Epiphyte. Stems erect, 10 to 18 cm long and 1 to 2 cm in cross section, cylindrical, slightly narrowed to the base. Leaves alternate, sessile, oblong, the apex notched, 5 to 8 cm long and 1 to 2 cm in width. Flowers large, sepal and petals pure white, lip white with an orbicular yellow marking on its disc extended to the base in the form of a ridge. Sepals very narrow, oblong-lanceolate, acute, spreading, the lateral ones very slightly keeled. Petals much larger than the petals, sub-orbicular. Lip broadly obovate, side lobes indistinct, terminal lobe dilated, apex very broad.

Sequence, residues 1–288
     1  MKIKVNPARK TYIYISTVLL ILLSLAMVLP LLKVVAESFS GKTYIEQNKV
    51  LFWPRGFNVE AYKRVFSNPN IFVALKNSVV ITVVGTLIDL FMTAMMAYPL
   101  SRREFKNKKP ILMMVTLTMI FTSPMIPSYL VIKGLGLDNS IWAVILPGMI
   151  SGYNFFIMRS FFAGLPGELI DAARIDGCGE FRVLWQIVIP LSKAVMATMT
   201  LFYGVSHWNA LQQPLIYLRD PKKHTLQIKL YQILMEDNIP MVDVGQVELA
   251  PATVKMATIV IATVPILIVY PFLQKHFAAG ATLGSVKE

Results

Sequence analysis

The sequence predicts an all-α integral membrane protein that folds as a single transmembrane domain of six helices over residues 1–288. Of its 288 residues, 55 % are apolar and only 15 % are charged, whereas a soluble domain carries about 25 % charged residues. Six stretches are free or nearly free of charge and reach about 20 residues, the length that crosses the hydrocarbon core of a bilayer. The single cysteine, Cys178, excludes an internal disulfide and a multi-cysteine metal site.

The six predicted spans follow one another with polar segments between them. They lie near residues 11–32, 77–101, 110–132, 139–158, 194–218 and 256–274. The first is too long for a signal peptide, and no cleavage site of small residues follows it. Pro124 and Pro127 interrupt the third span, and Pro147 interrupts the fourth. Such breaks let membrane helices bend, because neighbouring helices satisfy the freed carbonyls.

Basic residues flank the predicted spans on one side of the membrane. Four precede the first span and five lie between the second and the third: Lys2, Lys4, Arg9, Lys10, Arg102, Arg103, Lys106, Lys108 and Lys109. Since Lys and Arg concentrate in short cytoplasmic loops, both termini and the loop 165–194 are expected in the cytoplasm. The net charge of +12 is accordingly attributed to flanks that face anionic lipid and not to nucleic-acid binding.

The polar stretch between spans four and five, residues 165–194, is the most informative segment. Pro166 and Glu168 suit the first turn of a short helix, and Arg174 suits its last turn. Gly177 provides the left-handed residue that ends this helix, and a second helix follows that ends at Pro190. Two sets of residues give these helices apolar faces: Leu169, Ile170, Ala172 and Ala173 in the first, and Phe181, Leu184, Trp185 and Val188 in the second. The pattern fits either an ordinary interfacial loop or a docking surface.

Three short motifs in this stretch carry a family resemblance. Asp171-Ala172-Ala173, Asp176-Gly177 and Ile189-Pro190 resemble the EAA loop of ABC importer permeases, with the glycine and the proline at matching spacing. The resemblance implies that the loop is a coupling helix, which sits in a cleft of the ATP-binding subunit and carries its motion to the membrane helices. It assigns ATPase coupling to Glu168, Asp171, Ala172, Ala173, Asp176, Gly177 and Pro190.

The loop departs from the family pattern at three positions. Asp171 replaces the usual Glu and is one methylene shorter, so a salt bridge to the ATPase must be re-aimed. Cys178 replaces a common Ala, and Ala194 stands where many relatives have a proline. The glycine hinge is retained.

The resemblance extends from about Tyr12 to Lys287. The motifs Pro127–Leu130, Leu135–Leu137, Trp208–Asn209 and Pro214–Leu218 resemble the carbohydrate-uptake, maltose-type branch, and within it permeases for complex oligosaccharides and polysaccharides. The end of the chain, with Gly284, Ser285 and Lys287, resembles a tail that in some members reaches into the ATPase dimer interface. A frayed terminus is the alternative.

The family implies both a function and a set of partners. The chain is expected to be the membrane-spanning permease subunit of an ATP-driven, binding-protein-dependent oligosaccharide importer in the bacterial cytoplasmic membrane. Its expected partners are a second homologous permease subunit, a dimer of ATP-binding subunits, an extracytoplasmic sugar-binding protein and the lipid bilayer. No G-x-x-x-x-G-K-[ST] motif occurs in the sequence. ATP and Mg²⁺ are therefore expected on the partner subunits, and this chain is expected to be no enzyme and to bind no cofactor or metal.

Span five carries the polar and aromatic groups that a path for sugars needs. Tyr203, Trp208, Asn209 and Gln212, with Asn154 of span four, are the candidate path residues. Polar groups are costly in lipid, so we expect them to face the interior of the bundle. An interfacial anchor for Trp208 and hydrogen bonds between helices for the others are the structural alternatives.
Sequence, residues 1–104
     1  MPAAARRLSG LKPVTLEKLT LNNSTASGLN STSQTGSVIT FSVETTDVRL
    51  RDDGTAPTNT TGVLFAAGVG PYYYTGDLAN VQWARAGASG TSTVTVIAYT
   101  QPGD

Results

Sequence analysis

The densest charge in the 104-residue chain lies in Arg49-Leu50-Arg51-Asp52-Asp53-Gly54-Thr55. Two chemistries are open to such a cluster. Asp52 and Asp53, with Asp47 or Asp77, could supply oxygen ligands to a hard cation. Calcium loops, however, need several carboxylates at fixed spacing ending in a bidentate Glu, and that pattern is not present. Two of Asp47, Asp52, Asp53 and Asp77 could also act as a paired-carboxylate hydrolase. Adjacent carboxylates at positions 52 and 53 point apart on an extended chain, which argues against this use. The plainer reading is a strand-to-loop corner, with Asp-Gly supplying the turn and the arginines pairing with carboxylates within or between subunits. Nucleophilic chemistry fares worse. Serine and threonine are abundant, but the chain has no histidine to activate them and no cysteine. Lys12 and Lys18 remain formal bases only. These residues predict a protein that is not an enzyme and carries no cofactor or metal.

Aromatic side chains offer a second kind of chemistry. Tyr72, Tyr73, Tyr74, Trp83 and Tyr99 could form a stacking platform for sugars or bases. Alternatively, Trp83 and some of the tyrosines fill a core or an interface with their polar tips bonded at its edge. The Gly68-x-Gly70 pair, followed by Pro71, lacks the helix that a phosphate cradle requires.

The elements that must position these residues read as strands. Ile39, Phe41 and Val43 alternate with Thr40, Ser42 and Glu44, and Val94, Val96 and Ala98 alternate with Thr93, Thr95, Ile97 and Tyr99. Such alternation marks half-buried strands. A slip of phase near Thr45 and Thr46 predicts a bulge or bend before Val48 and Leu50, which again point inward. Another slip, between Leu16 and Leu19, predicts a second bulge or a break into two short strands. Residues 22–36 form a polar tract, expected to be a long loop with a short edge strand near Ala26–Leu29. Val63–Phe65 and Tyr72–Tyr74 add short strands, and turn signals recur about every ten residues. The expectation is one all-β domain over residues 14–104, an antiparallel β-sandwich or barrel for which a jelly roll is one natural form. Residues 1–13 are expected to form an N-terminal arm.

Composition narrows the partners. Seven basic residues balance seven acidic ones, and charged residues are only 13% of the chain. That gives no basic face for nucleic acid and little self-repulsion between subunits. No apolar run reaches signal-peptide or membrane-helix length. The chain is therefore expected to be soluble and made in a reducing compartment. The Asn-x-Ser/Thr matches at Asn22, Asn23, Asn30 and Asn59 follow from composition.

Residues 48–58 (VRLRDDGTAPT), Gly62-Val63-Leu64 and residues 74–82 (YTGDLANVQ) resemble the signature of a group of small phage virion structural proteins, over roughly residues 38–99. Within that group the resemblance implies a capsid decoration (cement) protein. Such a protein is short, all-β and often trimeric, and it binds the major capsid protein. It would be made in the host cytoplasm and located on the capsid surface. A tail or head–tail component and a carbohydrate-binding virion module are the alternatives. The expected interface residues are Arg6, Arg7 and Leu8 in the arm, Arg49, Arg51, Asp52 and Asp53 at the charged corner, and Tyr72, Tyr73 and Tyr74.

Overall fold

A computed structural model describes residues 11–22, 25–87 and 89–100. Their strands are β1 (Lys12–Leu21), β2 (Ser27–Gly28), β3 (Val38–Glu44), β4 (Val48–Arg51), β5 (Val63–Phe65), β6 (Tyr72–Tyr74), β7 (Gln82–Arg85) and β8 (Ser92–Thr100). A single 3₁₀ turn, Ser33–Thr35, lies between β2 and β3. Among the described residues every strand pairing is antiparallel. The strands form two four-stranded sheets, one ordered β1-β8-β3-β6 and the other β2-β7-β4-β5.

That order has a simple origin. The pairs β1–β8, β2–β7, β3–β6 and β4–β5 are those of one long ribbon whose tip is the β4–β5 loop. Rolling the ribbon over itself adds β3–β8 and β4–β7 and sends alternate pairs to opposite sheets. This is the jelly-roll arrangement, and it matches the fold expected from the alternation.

This species bears the largest flowers of all Dendrobiums of the region and the flowers are very attractive too. Sir. Joseph Dalton Hooker in his iconic work, “The Flora of British India” noted about three varieties of this species. I never came across this species on any of my flower hunts. The region were I lived was famous for many flower nurseries and got a good collection of many species. Still, this species remained missing, with no information available with anyone about its habitats, other than, “At the base of Sikkim-Himalayas” noted by Sir. George King and Robert Pantling. The flowering season was mentioned as May, in their monumental work on orchids. With the eagerness to see this species in bloom I planned my surveys to the plains of the Himalayas in the early summer days. The plains are generally of active Tea estates, which produces thousands of tons of Tea every year. The estates are full of activities with thousands and thousands of workers involved everyday. They got their own hospitals, schools, accommodations, roads, shopping centers etc. However, as a general rule they don’t cut any trees and those trees host a lot of tropical epiphytic orchids also. I decided to concentrate on those trees inside the estates for this species. Every day I came across a lot of workers and showed them the drawings of this species, to ascertain if anybody had come across this plant. Working on those plains under the open sky in the summer months of March and April was a very tiring affair. Moreover, my base station was at an altitude about 4000 ft, where the climate was very moderate and comfortable. Every day in a matter of 3 hrs drive I am in the plains where the temperature soars above 40C, which was like stepping inside a hot furnace. However, the desire to find this plant and a feeling that I will get this species in that season itself made me visit various estates in the plains continuously for several days. Every day I returned with no trace of this species but with many admirers, who were so happy to know about my passion. One day I came to know about a former manager of a tea estate who got a good collection of tropical orchids of the area. A visit to his home made be so happy, he had around 140 tropical orchids in his garden, a few of them were in full bloom also. However, my purpose of visit was not fulfilled, the species I am looking for was not found there. I enquired with him about the species I am looking for. He was so happy with my work and explained to me about all those species he had seen and collected from the region, including the one I was looking for. He was also having that species till few years back, it died because of some reason. But, he helped with sufficient information about the place from where his gardener brought it some 30 years back. The next day I started my new search in the area he mentioned. Most of the trees there were more than 50 to 60 years old, so I was sure I will find the plant I am looking for. After three continuous days of survey with the help of a few friends we found 7 plants of this species, 3 in buds. It was like the plants were waiting for me. All the plants were on the sides of tall trees at around 15 to 20 ft height. Climbed up those trees with buds to ascertain the identity and the time required for the buds to bloom. Waited for 11 days to see the first flower in bloom. My vehicle was sent to bring the former manager to that place, as I wished he should also be part of the documentation process. Without his advice, I might not have surveyed those areas and would have never seen the species also. Everything was perfect, the climb, the wind, the placing of flashes etc and produced a wonderful photograph of the species. Those days were so hot, I spend more money on buying drinking water for me than to the fuel for my vehicle!!!.